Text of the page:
Here’s the good news: We do have a set of shared interests, starting with perhaps the most important one, Kim Jong Un. China wants to continue to see a divided Korean peninsula (fearing the creation of a powerful juggernaut in the form of a unified, Western-aligned democracy post-Kim). Beijing also wants to avoid a full-blown refugee crisis on the border. There is room to work together in crafting a compromise to solve the potentially catastrophic possibility of a war between the U.S. and North Korea.


The two nations can also work together on a wide range of global problems from climate change (the Trump administration is even talking about re-entering the Paris accords) to peacekeeping (perhaps on the turbulent Horn of Africa, where China is building a military base and has real interests). China and the U.S. could conduct medical diplomacy together (both nations operate hospital ships) and humanitarian operations in Africa and Latin America. There is the possibility of working together to reduce tensions in South Asia, where the U.S. is still at war in Afghanistan and China holds great influence over Pakistan. None of these will be easy, but all are at least possible.


The goal, then, is to craft a sensible strategic approach that confronts China where we must, but cooperates where we can. It should be developed together by the Departments of Defense, State, Treasury and Homeland Security (for the cyber piece), and led by National Security Adviser H.R. McMaster. The working group should take input from outside experts and strategists including Allison, former ambassador to China and retired Navy 4-star Admiral Joe Prueher, current head of the U.S. Pacific Command Admiral Harry Harris (nominated to be the next U.S. ambassador to Australia), and Henry Kissinger. It should feature six key elements:

因此,我们的目标是制定一种明智的战略方针,在我们必须对抗中国的领域开展对抗,但在我们能够合作的领域开展合作。该战略应当由国防部门、国家、财政部和国土安全部门(网络安全部门)共同制定,由国家安全顾问麦克马斯特(H.R. McMaster)领导。工作组应接受外部专家和战略家的建议,包括前驻中国大使艾利森(Allison),退役海军四星海军上将、现任美国太平洋司令部司令亨利•哈里斯(Harry Harris)(他被提名为下一任美国驻澳大利亚大使)以及亨利•基辛格。它应该体现6个关键要素:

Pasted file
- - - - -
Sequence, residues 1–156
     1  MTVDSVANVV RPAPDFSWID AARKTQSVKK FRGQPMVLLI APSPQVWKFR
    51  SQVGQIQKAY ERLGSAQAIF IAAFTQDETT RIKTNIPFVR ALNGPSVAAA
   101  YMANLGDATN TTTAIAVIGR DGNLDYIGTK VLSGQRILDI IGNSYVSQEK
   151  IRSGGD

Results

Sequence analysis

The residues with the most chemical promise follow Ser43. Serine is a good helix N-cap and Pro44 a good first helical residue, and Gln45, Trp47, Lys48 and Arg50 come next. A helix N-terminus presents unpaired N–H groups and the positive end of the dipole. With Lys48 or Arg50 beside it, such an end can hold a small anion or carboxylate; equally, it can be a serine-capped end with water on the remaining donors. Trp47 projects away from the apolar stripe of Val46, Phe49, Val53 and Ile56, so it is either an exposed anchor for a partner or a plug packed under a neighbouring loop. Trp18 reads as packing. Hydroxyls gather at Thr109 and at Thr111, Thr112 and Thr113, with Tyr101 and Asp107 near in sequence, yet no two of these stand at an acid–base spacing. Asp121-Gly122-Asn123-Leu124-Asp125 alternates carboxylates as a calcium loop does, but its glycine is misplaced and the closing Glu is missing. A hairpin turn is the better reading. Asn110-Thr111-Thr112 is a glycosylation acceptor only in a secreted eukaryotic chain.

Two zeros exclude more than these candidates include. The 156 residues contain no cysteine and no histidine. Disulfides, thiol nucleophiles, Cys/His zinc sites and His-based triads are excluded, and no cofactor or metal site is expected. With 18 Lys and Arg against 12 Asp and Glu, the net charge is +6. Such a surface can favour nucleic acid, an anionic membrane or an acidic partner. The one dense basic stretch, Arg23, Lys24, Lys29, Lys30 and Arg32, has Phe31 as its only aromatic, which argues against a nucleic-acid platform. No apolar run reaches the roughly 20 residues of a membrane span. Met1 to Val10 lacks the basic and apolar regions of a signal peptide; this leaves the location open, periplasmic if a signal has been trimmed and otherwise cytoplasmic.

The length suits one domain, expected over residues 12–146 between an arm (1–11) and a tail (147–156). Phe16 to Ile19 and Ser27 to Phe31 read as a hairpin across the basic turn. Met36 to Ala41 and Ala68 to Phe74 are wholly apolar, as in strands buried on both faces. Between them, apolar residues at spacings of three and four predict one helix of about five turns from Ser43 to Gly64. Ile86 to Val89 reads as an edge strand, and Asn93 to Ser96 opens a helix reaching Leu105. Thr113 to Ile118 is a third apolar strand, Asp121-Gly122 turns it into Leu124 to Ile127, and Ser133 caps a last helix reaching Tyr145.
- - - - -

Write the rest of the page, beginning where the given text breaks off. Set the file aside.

Use True Long-Term Thinking. Like China, the U.S. must stop thinking year-to-year or even over the current decade -- where do we see the U.S.-China relationship in a century? Two centuries? We are a Pacific nation, but sensible accommodations that can be made that reflect the power and reach of China. We need to think about long-term strategies and the resources necessary to execute them.


Conduct International Coalition-Building. The strategy needs to leave behind the mode of “China versus the U.S.” and into a truly integrated Asian coalition. We must not appear to encircle, contain, or intimidate China; we must avoid creating a stark choice between Washington and Beijing for our partners in the region. Rather, we want to build stronger coordinated approaches with Japan, South Korea, Australia, New Zealand, Singapore and other allies, friends and partners. Above all, we must work with India, the other emerging superpower of the 21st century and a fellow democracy.


Retain a Values-Based Approach. We must not surrender the importance of democracy, liberty, freedom of speech, gender equality, racial equality and other human rights. The U.S. executes these values imperfectly, but they are the right ones and must be part of our strategic approach. Sometimes we think of this as a “war of ideas,” but that is not quite right. We are in a marketplace of ideas, and must compete with the alternate vision for structuring a society offered by China.


Enhance our Geo-Economic Posture. As the U.S. becomes an energy superpower, revitalizes its infrastructure (both physical and cyber), improves its global balance of trade, renegotiates important trade agreements, and uses Bretton Woods institutions -- the World Bank, International Monetary Fund -- aggressively, it will have a more robust set of economic tools. We should use them with confidence in dealing with China, starting with returning to the idea of a multistate Pacific trade agreement (a follow-on to the torpedoed Trans-Pacific Partnership) about which even Trump has mused. Energizing the private sector by defending its interests in China and our markets here can provide leverage.